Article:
A cost-effective high availability solution on IBM Power Systems

By | 4 minute read | June 18, 2019

Today’s business requires 24×7 availability for its critical applications. For most organizations, unexpected application downtime translates directly into loss of revenue, loss of business or loss of reputation. Companies want reliable hardware for their IT infrastructure, but regardless of how reliable your hardware and software is, you cannot eliminate server or application downtime completely. So, you need to have a high availability (HA) solution implemented to minimize downtime.

The goal of high availability is to eliminate single points of failure (SPOF) in your IT environment. Eliminating SPOFs requires a careful study of each hardware and software component involved in your IT setup and necessitates providing redundancy at every layer. Organizations whose infrastructure is built on IBM Power Systems servers can use redundant network adapters, redundant host bus adapters (HBAs), redundant virtual input/output (VIO) servers, and so forth, to eliminate SPOFs at the hardware level within a physical server (frame). But there is always a chance that the entire frame may go down. For such scenarios, IBM Power Systems clients can use local HA solutions like IBM PowerHA, Oracle RAC (for Oracle database servers), SUSE-HA (for SUSE Linux) and the like. To handle entire data center failure, clients use their disaster recovery solutions.

Redundant servers for HA means increased cost of hardware, software and maintenance. The goal of this blog post is to discuss how we can minimize the cost of local HA in a PowerHA scenario without compromising on HA capabilities.

Most common implementation scenarios of IBM PowerHA

Figure 1: PowerHA active-passive configuration

In a PowerHA active-passive configuration, shown in figure 1, the application is running on LPAR-1 on frame-1 and is moved to LPAR-2 on frame-2 when LPAR-1 or frame-1 fails. So, the application is highly available.

Figure 2: Power HA mutual takeover configuration

In a PowerHA mutual takeover configuration, shown in figure 2, there are two applications, application A and B. A is active on LPAR-1 on frame-1 and B is active on LPAR-2 on frame-2. If LPAR-1 or frame-1 fails, application A will move to LPAR-2 on frame-2, and if LPAR-2 or frame-2 fails, application B will move to LPAR-1 on frame-1.

In both scenarios, you need to have hardware resources like CPU and memory for both the active and the standby nodes. For example, if an LPAR has 20 CPU cores and 400 GB memory on LPAR-1, you need same amount of CPU and memory for LPAR-2 if you need full performance in the active-passive setup. In a mutual takeover scenario, if application A requires 20 cores/400 GB and application B also requires 20 cores/400 GB, then both LPAR-1 and LPAR-2 need 40 cores/800 GB so that if one LPAR fails, the other LPAR can handle the load of both applications.

The scenarios shown in figure 1 and figure 2 are for a single cluster, but the same applies for multiple clusters on the same set of frames. For example, frame-1 could have 10 LPARs and frame-2 could have 10 LPARs, and each LPAR may be acting as either active or standby. In summary, only 50 percent of resources are used, and 50 percent of resources are kept idle for HA standby. Based on the applications used, you may need double the application licenses for this kind of HA setup, increasing cost further.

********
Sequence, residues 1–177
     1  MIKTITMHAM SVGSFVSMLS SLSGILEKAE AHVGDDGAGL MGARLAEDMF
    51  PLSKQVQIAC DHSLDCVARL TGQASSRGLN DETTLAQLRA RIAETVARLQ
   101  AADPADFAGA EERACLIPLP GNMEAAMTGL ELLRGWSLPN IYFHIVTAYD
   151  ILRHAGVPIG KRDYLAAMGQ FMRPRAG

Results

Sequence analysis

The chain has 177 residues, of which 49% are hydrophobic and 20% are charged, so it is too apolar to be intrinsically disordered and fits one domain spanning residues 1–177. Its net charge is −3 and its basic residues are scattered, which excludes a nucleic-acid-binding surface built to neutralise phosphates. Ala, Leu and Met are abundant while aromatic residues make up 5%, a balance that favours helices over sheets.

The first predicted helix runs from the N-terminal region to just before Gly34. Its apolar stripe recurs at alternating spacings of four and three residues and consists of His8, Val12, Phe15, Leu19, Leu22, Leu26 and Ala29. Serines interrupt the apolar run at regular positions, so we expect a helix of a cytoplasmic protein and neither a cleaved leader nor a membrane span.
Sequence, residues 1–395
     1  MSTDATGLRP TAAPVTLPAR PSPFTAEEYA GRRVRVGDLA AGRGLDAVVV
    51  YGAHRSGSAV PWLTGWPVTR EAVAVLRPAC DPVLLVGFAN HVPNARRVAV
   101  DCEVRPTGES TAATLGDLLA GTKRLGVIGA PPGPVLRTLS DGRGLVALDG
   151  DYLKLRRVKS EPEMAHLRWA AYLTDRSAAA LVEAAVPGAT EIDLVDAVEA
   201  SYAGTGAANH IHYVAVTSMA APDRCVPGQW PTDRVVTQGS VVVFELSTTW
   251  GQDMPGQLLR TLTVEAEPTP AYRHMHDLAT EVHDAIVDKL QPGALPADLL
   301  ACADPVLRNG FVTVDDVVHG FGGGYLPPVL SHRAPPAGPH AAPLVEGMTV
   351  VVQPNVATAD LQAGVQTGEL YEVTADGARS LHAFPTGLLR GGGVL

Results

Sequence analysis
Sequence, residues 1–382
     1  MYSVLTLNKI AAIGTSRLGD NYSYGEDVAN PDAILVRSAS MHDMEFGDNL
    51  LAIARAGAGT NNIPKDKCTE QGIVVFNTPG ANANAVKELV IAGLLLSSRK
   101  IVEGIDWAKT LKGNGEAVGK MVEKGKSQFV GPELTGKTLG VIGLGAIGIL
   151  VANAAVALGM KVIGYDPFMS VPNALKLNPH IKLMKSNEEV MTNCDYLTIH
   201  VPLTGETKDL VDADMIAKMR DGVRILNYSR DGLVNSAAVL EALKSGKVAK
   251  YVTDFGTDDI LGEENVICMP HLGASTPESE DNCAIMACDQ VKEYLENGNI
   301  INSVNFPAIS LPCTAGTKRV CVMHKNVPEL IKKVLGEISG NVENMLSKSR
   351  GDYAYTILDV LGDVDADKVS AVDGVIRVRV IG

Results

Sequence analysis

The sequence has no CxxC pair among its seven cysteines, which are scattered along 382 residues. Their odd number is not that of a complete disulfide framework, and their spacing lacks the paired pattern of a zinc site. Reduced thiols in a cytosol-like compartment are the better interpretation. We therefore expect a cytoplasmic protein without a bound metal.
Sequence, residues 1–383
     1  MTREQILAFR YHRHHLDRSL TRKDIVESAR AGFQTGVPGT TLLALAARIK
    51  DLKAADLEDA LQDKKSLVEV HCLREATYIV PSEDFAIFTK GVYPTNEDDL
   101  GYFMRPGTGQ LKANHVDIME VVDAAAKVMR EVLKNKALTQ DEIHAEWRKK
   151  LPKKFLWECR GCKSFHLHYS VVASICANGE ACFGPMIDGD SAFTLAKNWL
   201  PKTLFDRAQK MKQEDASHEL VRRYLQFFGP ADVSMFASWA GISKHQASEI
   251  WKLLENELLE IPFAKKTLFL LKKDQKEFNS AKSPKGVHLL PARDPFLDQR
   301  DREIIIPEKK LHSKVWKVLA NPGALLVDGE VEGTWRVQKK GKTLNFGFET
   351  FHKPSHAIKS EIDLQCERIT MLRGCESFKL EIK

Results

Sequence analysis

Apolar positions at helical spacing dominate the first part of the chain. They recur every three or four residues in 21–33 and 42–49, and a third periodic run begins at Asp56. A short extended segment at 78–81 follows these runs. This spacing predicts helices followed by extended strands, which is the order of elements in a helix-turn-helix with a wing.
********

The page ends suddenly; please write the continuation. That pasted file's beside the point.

In large Power Systems environments, some clients have hundreds of Power servers and thousands of LPARs. If this is your organization’s environment, how can you optimize your HA design to reduce hardware and application licensing costs? The following PowerHA design can help in such a case.

Many to one PowerHA design to save on hardware and software costs

Figure 3: Many to one PowerHA configuration

In the design shown in figure 3, we have a large number of LPARs on hundreds of frames acting as cluster active nodes, and one or two frames are dedicated for all cluster standby LPARs. Optionally, you may want to use idle CPU/memory of the standby frames to run some non-critical workloads when failover is not running.

In the case of failure of any cluster active node, a standby node on a standby frame will get activated, and production can continue. Because a large number of standby nodes are configured on a standby frame, initial CPU/memory configuration will be less, and PowerHA uses the Dynamic LPAR (DLPAR) feature of the Power server to dynamically increase the CPU/memory to the desired value during failover. Thus, you can replace 50 percent standby capacity for HA with around 10 percent, without losing any HA capabilities. If there are multiple frame failures at the same time, the standby frame won’t have adequate resources to start all LPARs, and the result would be data center failure. In this case, you need to switch to DR, just like with a regular PowerHA solution in the active-passive or mutual-takeover configurations.

So, this design can help you to bring down the standby HA capacity needed for local HA from 50 percent of total hardware requirements to around 10 percent and help you to save around 40 percent of infrastructure and software licensing costs.

Need help on planning and designing your Power server environment?

If you’re due for a server refresh, talk to IBM Systems Lab Services. We can provide consolidation design and HA planning to help you to optimize the required hardware and software while keeping availability and performance at the best possible level. If you want to engage IBM Systems Lab Services, you can contact your IBM client rep or reach out to IBM Systems Lab Services directly.